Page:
How to access ActiveRecord & Migrations outside of Ruby on Rails

Rails migrations are an extremely handy way of capturing changes to your database and rolling them back if they are incorrect.

Manipulating or querying a database is a pretty useful tool and ActiveRecord turns your tables into objects so I looked into how to access these features outside of a Rails environment.

I wanted to be able to either specify the database connection details directly in the script if I was running it outside of a Rails application, or to be able to bind into the Rails application's database.yml database configuration file.

To run it as a standalone script with the database details described inside the script run:

ruby play_with_the_database.rb
To run it within the context of a Rails application place the script inside a new directory called db/script and run:
ruby play_with_the_database.rb development
If you want to run the above script against the production database run:
ruby play_with_the_database.rb production
I'll show you the ruby code that I came up with and then explain the important bits below.
require 'active_record'
require 'pp'

database_type = ARGV[0]

if database_type.nil?
database_type = 'custom'
database_yaml = <<-YAML
#{database_type}:
adapter: oracle
database: database.andrewbeacock.com/beacock01
username: my_schema
password: my_schema
YAML
else
# if you have a Rails project then place your scripts in db/script
database_yaml = IO.read('../../config/database.yml')
end

class MyTable < ActiveRecord::Base; set_table_name :my_table; end

class Script < ActiveRecord::Migration
def self.run
execute('update my_table set updated = true')
pp MyTable.find(:all)
end
end

databases = YAML::load(database_yaml)
ActiveRecord::Base.establish_connection(databases[database_type])
Script.run
  • database_type - this is the RAILS_ENV that you want to run the database script against if you are running within a Rails application, it's empty at the start of the script and set to the value that you pass as the first argument on the command line. If an argument is present it looks up that value in the database.yml file otherwise it uses the inlined database connection details within the script.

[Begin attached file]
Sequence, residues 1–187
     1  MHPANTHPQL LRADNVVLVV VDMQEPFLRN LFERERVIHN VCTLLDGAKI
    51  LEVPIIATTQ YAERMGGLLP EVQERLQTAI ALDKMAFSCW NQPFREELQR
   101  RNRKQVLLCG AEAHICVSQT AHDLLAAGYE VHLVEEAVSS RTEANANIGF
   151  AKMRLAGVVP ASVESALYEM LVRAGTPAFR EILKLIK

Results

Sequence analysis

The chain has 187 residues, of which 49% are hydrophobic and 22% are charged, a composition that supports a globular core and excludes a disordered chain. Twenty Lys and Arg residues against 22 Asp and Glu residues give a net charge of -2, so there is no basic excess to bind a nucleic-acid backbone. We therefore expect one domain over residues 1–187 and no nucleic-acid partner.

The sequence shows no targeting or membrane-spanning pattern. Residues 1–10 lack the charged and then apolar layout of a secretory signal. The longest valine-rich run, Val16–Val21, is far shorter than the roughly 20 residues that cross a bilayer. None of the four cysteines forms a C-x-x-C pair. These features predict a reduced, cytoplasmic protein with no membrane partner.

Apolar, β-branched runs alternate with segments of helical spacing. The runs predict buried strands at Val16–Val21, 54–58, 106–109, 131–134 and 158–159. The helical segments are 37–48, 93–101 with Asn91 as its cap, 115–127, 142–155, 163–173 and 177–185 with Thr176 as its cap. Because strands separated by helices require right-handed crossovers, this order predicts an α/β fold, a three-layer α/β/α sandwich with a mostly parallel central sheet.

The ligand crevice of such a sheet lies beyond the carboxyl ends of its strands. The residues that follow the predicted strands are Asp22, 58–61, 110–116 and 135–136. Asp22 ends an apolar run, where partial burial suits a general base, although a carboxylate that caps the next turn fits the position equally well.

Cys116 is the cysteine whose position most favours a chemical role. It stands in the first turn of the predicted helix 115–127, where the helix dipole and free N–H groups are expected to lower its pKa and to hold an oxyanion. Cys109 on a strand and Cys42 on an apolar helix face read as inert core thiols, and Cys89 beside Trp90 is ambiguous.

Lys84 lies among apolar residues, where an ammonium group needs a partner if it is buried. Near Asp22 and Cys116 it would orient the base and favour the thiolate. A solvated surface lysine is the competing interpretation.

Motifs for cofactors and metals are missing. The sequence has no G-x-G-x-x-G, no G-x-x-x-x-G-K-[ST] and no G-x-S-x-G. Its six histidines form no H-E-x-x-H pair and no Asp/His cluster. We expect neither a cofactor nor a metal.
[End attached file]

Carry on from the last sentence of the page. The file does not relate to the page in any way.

• class MyTable - any ActiveRecord object definitions go here allowing you to map objects to tables.

  • def self.run - Place the guts of your database script within this method so that it has access to all the ActiveRecord objects as well as any methods that migrations have access to (such as execute, create_table, add_column, remove_index, etc.).
This script was spawned from two things, a requirement to change the values in a database table without it being a fully tracked migration and a post on Dave Thomas's blog regarding Migrations Outside Rails.

Enjoy!

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htop - a great alternative to top for Ubuntu Linux

I colleague recommended that I install htop the other day. It's an alternative to top which offers colour (ooh), a tree sort view (aah), and the ability to kill off processes within htop itself (very cool).

To install it, simply run:

sudo aptitude install htop
And to run it, simply type:
htop
This is what it looks like running (with the tree view selected):



And here are some of the help options:



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Upgrading to Ubuntu 7.10 (Gutsy Gibbon) causes snmpd errors

When Gutsy Gibbon was released back in October I was quick to upgrade my home Ubuntu server to this new release. The upgrade went smoothly apart from one failure - a strange error message when upgrading the SNMP support:

Starting network management services:invoke-rc.d: initscript snmpd, action "start" failed.
dpkg: error processing snmpd (--configure):
subprocess post-installation script returned error exit status 1
I didn't understand the error message and googling for it at the time brought up no solutions. I checked and found that snmpd was running successfully and all appeared fine. I recently applied some more updates and received the same error message so I investigated it again.

This time I found the reason, the SNMP package upgrade scripts don't stop snmpd before they perform the upgrade, so you need to stop snmpd before you update.

This is how I did it:
$ sudo /etc/init.d/snmpd stop
Stopping network management services: snmpd snmptrapd.
$ sudo dpkg --configure -a
Setting up snmpd (5.3.1-6ubuntu2) ...
Starting network management services: snmpd.
That's it, all updated and no errors, I do hope that the installation scripts get fixed for this soon...

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How to rollback Rails database migrations

When you perform database migrations in Rails you use the following command:

rake db:migrate
If you want to roll back your change to need need to find out what version your database is currently at and then roll back to a previous version:
rake db:migrate VERSION=<version to roll back to>
I've never liked this way to roll back, seems to much like hard work to me so I found a migration rollback script on the programmingishard site and simplified so that it only rollback by one version:
namespace :db do
  namespace :migrate do
    desc "Rollback the database schema to the previous version"
    task :rollback => :environment do
      previous_version = ActiveRecord::Migrator.current_version.to_i - 1
      ActiveRecord::Migrator.migrate("db/migrate/", previous_version)
      puts "Schema rolled back to previous verison (#{previous_version})."
    end
  end
end
To use this scriptlet, copy and paste the code into a file called db_rollback.rake and place it the lib/tasks directory within your Rails application.

To use it to roll back your most recent migration simply run:
rake db:migrate:rollback
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